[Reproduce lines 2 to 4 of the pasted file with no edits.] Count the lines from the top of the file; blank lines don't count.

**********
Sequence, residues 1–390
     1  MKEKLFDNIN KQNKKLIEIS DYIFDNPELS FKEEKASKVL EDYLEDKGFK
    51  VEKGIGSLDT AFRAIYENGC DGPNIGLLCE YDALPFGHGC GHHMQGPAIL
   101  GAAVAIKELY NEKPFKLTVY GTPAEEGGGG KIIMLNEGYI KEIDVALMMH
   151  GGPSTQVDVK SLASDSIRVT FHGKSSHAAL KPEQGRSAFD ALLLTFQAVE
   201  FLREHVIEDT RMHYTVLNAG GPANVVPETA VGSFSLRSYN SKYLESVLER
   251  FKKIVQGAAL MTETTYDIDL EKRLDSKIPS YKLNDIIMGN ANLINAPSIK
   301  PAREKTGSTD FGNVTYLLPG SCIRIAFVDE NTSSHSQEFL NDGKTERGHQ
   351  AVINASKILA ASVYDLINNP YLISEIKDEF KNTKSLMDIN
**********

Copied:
     1  MKEKLFDNIN KQNKKLIEIS DYIFDNPELS FKEEKASKVL EDYLEDKGFK
    51  VEKGIGSLDT AFRAIYENGC DGPNIGLLCE YDALPFGHGC GHHMQGPAIL
   101  GAAVAIKELY NEKPFKLTVY GTPAEEGGGG KIIMLNEGYI KEIDVALMMH